The special part of this week though was Christmas. This time Christmas signified not only the Christian holiday, but also a milestone in days on board. The day itself was initially taken up with calls to loved ones and family at home. As we each emerged from the cabin after a call, the step seemed lighter, the smile deeper. Personally, I made sure to check with my two girls that Santa had arrived and to tell them, thanks to the incredibly clear night sky, we all saw Santa shooting across from east to west.
That evening, while all the crew were up, we celebrated a type of Christmas Dinner, with Tom acting as MC with music, stories and an amusing and cheeky rhyme about an alternative Santa. Graham talked to us about the nativity and its importance, and I sang O Holy Night. To round off the celebrations, a can of coke for each of the crew was revealed. It may have have been warm but it hit the spot!
The week also saw the crew spotting tuna leaping powerfully into the air as they hunted down their prey. It is amazing to witness the power of these fish so close to hand.
We also saw whales, this time during the day and in full view. Certainly a couple were coming up for air and probably a good nose at this strange vessel awkwardly making its way across their home territory. I know I use 'majesty' a lot in these blogs but it seems like the only word that comes close to describing what it's like seeing such creatures in this setting.
We celebrated New Year's Eve with some more music and songs and the crew rowing at midnight sang Auld Lang Syne as loud as could be. We shared stories of parties and New Years of the past. Did we make resolutions? Maybe some did, but kept them quiet. For now, our resolve is focused on Antigua.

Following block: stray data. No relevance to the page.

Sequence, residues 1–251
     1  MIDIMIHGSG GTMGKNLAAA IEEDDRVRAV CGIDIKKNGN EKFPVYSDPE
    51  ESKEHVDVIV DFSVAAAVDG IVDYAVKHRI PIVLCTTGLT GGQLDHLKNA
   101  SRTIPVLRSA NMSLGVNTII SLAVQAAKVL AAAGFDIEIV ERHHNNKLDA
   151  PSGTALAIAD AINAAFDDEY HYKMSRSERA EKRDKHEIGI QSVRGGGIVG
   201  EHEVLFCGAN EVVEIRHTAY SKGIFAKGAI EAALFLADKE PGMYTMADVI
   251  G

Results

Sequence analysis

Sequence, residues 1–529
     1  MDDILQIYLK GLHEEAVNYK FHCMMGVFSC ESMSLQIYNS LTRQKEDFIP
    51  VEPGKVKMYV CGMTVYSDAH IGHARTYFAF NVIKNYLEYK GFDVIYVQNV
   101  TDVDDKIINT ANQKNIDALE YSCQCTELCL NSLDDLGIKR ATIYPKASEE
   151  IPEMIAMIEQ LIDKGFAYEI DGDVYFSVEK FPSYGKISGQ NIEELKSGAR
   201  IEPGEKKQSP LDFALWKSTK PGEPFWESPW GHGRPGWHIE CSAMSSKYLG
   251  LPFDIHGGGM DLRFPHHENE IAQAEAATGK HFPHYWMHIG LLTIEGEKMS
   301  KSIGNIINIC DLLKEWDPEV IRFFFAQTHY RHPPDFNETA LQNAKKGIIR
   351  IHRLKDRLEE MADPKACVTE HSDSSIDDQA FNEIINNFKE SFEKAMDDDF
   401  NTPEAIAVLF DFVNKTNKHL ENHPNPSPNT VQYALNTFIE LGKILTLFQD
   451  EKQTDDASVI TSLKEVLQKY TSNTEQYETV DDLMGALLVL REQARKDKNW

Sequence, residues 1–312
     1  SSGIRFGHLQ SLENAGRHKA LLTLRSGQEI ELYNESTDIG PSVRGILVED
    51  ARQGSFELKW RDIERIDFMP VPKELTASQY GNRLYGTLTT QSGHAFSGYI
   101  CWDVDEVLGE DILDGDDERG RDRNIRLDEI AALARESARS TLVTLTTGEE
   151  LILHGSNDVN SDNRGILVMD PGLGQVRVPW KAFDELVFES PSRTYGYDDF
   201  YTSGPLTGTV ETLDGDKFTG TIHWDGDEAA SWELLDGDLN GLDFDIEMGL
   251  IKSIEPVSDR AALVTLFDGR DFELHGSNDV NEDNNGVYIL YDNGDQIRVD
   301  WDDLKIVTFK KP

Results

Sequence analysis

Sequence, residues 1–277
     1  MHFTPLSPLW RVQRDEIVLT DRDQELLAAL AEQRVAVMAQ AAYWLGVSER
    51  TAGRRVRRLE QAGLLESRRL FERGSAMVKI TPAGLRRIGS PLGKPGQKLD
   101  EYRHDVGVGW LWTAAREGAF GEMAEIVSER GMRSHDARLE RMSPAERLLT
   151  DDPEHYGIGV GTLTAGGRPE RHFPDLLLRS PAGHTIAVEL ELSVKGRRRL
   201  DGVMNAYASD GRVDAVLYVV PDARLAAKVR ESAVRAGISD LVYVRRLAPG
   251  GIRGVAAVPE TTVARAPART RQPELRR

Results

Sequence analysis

As per my other blogs, a little riddle for my North stars. And Now To Instill Good Attitude is where we are heading.
24th December - Week 3
It is hard to believe we have been at sea for 3 weeks. Tenerife seems a lifetime away now, as indeed do our real lives.
So what do 12 individuals, taking on such a venture, act like, given how close we are together 24 hours a day?
While I could break this down and say "Bob" is the funny one and brings laughter to the boat, that would demean the 12 people on board. There are subtleties and depth to each, in addition to compromises to normal home behaviour. These various shades wax and wane, depending on whatever is going on at that moment in time. But it's through the conversations, chat, banter that we get to see those shades of personality. I sometimes just listen to what I have come to realise is a most precious gift. The laughs, sniggers, words, curses bouncing together in the area over the boat, then lost to the wind.
One of the crew, Nick, has this wonderful method of getting a conversation going. He would pose a question like:
"You can have 3 people at a dinner party - who would you bring and why, what would you cook and drink?"
"Describe the painting that portrays your life."
This sets in train the most engaging of dialogues and can be deep or shallow. However, it serves to bring to light those shades and colours. We are not merely the funny one or the tough one. This type of experience surfaces or mutes traits that are needed for close quarter living and for all to get on. It is through these stories and laughter, conversation and debate that we allow ourselves to open up, giving glimpses of our 'other' lives ..... The pride in hard working immigrant parents, pride in daughters and sons in all they do, what would we say to our fathers or mothers when they were young, what the local pub feels like, what rowing in Lyme Regis at sunset is like, aspirations for a new career or travelling the world, working on a farm and growing watercress, an adventure with some dogs and a private jet, the memories of Christmas spent with a mum in South London, pride in a rowing club in Bray, sitting on a porch with a coffee, wife and the dog nipping at heels, skiing in Glencoe during lectures, embracing Iranian cuisine and chats with three North stars.